The Four Mountains Task
This page last updated 2020/08/20
The GettingLost.ca Four Mountains Task was designed to be a reliable and repeatable measure of an individual's perspective taking ability. For each trial of this task, participants view a landscape populated with four 'mountains' in the foreground. Participants have 8 seconds to memorize this scene. After a 2 second delay, participants are asked to select the landscape with the same mountain shapes and arrangement as the studied lanscape from a set of four options. Only one option shares the same topography as the memorized scene.
In each trial of this test you will see a picture of a mountain landscape which you should study carefully. That picture will be followed by four similar landscapes seen from different points of view and under different conditions of lighting or weather. One of the four pictures shows exactly the same place as in the previous picture, although it will be shown from a slightly different viewpoint and different environmental conditions. Your task is to identify which of the four pictures shows the same place as the one you had just seen. Focus on the layout of the scene, specifically the shape and arrangement of the mountains in the foreground.
The foreground mountains are generated by individually selecting their magnitude and phase relative the center of the environment, as well as their height, width, and slope shape. This is overlaid on three different spatial frequencies of perlin noise, and textures are applied based on the height and normal angle of the terrain, alongside two 'climate' variables.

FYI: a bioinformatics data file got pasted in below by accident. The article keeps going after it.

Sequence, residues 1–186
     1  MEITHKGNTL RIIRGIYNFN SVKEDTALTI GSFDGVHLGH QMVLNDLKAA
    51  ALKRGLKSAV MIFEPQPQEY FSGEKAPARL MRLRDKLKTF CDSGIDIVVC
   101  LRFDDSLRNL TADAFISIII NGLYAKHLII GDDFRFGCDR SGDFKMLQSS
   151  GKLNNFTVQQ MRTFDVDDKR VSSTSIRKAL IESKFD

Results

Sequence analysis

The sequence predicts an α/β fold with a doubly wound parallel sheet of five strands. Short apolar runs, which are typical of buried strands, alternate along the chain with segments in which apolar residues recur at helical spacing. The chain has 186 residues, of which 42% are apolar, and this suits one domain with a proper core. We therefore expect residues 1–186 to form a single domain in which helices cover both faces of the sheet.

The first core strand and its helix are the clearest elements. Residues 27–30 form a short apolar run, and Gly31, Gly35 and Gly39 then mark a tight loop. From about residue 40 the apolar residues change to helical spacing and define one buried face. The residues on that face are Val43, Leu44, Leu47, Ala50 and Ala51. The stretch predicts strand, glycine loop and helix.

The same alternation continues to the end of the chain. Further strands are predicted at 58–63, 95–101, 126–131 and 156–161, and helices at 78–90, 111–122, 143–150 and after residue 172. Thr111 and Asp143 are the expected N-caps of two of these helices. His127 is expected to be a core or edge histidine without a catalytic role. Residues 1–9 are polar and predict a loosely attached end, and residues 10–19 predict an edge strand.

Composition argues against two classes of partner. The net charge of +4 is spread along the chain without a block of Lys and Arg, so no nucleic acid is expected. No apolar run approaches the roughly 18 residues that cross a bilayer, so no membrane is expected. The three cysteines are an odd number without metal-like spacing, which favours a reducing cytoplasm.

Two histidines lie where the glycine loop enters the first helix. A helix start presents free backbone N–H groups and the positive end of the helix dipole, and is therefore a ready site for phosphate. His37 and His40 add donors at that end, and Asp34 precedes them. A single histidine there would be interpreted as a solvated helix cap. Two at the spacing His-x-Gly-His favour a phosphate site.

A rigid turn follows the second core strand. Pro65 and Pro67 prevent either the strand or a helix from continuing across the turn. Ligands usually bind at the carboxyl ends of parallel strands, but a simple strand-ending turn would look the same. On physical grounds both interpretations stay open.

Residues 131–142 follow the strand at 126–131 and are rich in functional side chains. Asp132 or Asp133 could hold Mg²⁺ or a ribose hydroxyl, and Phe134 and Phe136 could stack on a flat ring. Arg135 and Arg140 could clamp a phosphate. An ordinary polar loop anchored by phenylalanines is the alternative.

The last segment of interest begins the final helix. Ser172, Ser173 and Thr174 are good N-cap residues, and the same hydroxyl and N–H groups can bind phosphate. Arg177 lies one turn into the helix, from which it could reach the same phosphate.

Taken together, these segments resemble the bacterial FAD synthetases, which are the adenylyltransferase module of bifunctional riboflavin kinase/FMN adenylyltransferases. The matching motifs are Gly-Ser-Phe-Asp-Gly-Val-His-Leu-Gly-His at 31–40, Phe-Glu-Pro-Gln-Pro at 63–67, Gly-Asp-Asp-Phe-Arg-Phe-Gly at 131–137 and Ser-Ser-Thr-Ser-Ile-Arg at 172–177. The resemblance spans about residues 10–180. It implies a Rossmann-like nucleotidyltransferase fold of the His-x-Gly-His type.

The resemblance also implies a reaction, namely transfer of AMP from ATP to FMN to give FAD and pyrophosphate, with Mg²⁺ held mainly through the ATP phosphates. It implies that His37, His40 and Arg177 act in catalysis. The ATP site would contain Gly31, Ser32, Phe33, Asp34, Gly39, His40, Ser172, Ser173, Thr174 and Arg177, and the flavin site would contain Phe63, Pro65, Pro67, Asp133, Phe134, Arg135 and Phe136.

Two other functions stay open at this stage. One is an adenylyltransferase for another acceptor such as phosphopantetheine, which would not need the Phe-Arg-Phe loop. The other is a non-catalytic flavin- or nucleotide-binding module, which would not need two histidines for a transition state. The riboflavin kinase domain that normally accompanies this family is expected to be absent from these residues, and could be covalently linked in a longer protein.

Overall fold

Foils are generated by potentially altering the magnitude, phase, height, width, and slope of the individual mountains, while all options in the response set have have the same climate variables, camera position, and sun position, which have been changed relative to the memorized landscape. The camera position always rotates forty degrees about the center of the environment from the memorized position.
Trial structureDefault implementation has 20 trials, each with:
- Black screen for 2 seconds.
- Stimulus to be memorized for 8 seconds.
- Black screen for 2 seconds.
- Response options remain until a response is provided.
Comparison to original
While the GettingLost.ca Four Mountains Task shares many similarities with Hartley and Colleagues' Four Mountains Test, such as the general trial structure, timing, and stimuli, there are some very important differences between the two tasks. The most salient is the stimuli and foil generation procedure. The GettingLost.ca Four Mountains Task makes use of procedurally generated stimuli, whereas the original (to my knowledge) has a single set of 20 stimuli available.